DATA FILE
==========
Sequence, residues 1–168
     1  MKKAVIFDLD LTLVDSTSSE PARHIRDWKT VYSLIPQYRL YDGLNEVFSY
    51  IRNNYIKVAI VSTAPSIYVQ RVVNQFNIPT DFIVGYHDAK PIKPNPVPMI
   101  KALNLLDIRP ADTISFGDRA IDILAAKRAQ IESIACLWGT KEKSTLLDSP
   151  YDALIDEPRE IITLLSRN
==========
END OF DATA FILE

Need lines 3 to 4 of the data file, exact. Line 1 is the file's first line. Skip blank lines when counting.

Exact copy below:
    51  IRNNYIKVAI VSTAPSIYVQ RVVNQFNIPT DFIVGYHDAK PIKPNPVPMI
   101  KALNLLDIRP ADTISFGDRA IDILAAKRAQ IESIACLWGT KEKSTLLDSP